Sunday, November 27, 2011

Learning to discern between needs and wants

The news reports of the past few days have been filled with incidents connected with the so-called Black Friday 2011. One interesting observation, I heard on the radio, said that spending was up but savings were down. In other words, people were taking money out of savings to spend on "deals." So what were the mobs of people out buying? TVs, cameras, tablet computers, laptops, games and toys just the things needed for people who are living on savings and out of work. One of the best selling items, that people waited in long lines to buy were different models of the Amazon Kindle. Guess what? They weren't on sale. All of the models sold at the regular price. I could order one today at exactly the same price they sold for on Friday.

It makes me sad to see this, especially when all of the comments are about how good the sales are for our economy! Here is a quote from the website, Provident Living:

We must learn to distinguish between wants and needs. We should be modest in our wants. It takes self-discipline to avoid the “buy now, pay later” philosophy and to adopt the “save now and buy later” practice.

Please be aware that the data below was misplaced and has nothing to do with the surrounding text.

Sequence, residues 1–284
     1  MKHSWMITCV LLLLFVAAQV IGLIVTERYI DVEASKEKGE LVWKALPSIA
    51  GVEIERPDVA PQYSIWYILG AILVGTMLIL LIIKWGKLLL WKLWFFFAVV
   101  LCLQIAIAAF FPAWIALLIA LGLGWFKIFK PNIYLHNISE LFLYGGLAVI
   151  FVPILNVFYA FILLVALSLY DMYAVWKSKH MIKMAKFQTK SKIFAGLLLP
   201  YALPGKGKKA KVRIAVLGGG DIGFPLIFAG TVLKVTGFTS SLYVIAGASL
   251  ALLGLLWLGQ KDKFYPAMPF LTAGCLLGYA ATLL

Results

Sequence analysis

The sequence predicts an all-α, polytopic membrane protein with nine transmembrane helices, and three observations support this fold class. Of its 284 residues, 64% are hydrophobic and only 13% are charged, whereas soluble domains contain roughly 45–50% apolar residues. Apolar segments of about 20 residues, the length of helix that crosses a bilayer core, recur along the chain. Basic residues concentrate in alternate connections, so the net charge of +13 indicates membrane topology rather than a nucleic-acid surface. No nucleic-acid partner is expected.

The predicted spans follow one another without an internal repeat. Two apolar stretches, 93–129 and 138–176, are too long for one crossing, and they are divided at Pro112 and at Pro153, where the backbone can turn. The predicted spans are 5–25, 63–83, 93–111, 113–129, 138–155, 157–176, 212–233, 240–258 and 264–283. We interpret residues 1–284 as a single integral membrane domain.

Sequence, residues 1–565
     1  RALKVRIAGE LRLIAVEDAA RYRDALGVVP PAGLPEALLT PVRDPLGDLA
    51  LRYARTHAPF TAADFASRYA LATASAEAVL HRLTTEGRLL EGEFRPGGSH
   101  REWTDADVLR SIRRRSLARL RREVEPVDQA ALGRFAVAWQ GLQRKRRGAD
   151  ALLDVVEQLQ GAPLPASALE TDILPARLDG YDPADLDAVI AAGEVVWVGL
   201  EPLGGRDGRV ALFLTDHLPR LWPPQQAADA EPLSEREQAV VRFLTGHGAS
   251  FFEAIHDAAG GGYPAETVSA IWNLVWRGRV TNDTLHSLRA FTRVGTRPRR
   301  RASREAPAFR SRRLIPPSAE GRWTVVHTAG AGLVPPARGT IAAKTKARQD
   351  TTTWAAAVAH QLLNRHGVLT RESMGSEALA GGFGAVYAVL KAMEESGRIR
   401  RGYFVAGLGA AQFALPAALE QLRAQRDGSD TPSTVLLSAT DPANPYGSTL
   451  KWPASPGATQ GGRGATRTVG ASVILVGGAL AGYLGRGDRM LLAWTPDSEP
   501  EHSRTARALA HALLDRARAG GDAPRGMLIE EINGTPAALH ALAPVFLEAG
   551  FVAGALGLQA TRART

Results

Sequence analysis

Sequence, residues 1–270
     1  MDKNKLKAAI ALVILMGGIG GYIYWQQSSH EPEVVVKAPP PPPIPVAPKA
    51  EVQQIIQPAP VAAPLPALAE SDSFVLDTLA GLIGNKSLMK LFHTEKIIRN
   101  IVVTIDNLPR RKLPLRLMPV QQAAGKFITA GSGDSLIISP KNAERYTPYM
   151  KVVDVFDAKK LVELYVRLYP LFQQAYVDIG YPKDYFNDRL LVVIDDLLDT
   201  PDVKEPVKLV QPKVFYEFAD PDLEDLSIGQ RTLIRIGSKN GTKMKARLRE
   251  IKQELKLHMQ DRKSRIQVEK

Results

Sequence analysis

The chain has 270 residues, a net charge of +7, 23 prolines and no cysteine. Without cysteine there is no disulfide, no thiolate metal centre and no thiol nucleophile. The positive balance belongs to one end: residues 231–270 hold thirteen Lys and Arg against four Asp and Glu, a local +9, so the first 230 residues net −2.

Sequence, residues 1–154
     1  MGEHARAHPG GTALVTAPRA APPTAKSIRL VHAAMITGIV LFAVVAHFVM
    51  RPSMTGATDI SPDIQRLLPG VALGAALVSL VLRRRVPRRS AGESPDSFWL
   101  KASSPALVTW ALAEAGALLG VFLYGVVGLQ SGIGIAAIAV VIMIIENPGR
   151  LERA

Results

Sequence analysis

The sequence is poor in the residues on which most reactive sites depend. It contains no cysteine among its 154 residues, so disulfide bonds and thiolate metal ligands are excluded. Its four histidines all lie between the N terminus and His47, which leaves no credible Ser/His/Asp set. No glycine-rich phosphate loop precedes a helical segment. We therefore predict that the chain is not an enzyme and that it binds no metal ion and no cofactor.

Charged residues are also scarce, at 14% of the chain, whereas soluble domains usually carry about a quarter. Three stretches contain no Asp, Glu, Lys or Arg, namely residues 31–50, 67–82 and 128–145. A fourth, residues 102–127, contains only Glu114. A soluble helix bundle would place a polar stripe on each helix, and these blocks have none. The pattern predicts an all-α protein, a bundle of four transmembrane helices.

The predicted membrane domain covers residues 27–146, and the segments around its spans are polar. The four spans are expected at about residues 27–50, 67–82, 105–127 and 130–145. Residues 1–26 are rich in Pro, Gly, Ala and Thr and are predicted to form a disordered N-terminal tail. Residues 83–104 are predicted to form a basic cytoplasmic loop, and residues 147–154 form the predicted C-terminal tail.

Elder Joseph B. Wirthlin (1917–2008) taught: “All too often a family's spending is governed more by their yearning than by their earning. They somehow believe that their life will be better if they surround themselves with an abundance of things. All too often all they are left with is avoidable anxiety and distress” (“Earthly Debts, Heavenly Debts,Liahona, May 2004, 42).
How many people's lives will be better because of what they bought on Black Friday? Can there be unlimited increases in the amount of consumer credit? The Federal Reserve Statistical Release states that overall consumer credit increased at an annual rate of 1 and 1/2 percent in the third quarter of 2011. Revolving credit has gone down slightly while non-revolving credit has risen.

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